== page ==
Confessions of a Serial Killer: Man linked to West Memphis Jane Doe
Little tells investigators one of his dozens of victims was dumped in Arkansas
email@example.com If Samuel Little’s confessions are to be believed, 35 years ago, a Memphis woman met a grizzly fate and her body was dumped in West Memphis.
In custody in Texas, Samuel Little, 78, told authorities that he met an unidentified woman when she was between the ages of 28 and 29, and strangled her to death in West Memphis.
The self-confessed serial killer has taken to drawing sketches of his purported victims. One such portrait is of a Memphis woman he says he killed after picking her up and taking her to Arkansas in 1984.
During a court appearance last week at the Ector County Courthouse in Odessa, Texas, Little claimed he was involved in dozens of killings nationwide.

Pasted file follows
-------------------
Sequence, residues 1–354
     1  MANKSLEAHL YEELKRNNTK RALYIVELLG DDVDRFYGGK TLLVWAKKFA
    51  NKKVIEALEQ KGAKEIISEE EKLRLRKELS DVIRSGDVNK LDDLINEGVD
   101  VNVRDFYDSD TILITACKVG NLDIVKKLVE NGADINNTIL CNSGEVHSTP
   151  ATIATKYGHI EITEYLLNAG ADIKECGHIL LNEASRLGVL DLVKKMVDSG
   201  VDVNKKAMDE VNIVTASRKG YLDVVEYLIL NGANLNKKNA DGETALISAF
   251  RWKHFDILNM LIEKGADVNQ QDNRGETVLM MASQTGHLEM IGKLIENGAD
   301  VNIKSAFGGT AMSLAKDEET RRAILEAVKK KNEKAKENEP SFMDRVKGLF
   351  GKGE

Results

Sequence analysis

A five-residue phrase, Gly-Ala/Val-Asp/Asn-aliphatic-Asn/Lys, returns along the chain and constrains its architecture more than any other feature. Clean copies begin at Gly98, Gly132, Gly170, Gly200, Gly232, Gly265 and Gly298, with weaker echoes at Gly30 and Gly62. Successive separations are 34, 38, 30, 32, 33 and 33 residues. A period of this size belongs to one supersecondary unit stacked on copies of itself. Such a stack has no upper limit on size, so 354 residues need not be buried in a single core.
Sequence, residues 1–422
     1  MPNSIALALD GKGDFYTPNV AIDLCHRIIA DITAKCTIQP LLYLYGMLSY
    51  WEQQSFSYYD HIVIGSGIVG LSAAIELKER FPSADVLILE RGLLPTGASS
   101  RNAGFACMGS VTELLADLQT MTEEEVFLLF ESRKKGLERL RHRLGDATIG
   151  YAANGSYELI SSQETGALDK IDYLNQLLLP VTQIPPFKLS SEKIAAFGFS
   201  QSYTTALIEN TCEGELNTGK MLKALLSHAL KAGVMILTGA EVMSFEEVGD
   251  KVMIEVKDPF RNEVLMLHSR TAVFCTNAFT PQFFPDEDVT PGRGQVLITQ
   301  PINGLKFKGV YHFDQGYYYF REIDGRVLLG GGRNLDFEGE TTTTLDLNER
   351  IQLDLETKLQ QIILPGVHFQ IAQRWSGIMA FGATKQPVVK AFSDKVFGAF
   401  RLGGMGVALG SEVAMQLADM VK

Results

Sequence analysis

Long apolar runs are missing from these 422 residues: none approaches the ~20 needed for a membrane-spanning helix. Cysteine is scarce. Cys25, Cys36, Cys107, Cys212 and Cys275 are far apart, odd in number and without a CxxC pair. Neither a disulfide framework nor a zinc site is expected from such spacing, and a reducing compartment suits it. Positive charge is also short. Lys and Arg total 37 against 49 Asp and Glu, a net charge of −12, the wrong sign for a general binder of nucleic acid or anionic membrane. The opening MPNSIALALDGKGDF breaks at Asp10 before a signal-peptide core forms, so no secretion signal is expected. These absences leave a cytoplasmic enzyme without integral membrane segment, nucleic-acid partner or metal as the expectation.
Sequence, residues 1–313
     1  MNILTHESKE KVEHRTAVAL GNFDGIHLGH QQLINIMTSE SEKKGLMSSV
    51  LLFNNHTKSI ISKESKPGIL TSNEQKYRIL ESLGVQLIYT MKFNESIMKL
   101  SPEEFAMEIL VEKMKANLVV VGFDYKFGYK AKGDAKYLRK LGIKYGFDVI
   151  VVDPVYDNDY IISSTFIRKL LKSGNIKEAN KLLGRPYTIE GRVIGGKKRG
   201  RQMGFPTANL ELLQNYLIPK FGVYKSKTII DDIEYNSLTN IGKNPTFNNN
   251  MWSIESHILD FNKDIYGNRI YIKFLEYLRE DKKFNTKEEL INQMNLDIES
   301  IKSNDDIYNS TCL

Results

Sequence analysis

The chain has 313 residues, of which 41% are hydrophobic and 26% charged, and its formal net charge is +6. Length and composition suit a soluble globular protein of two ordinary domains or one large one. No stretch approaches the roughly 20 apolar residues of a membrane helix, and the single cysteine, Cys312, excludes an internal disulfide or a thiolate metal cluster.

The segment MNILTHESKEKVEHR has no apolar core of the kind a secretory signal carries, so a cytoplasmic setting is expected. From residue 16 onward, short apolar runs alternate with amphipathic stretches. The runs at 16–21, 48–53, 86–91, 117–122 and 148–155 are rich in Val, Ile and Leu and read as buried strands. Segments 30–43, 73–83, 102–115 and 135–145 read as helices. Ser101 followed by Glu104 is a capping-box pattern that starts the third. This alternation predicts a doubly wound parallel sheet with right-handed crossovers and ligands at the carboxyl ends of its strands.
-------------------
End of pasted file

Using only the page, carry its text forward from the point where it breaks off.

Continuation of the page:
Little began offering details on the long list of his alleged victims last year after being captured in Texas. Once he was linked to murders in Texas and California, Little began telling authorities about how he had killed more than 90 people between 1970 and 2005.
Last week, the FBI released 16 drawings of women made by Little in prison, suspected to be of his victims. Each drawing identifies the possible city and year the women were killed One sketch linked Little to the woman’s body found in West Memphis, although the body has not yet been identified, more than three decades after being found along Interstate 40.
According to the FBI, Little confessed to the killings in order to get a prison transfer, prompting local authorities across the country to re-examine cold cases. Little wasn’t arrested until 2012 while in a shelter in Kentucky. He was later extradited to California for narcotics charges.
Los Angeles police used DNA to link Little for three unsolved murder cases in the area between 1987 and 1989. Authorities are still meeting with Little and say they have since been able to confirm more than 30 of the killings.
This is the second time in the past year that the Jane Doe found alongside the highway has been in the spotlight. In May of last year, a high school class in Elizabethton, Tennessee, studying forensics, built a profile of a serial killer they dubbed “The Bible Belt Strangler,” and included the 1984 victim as part of their profile.
By Ralph Hardin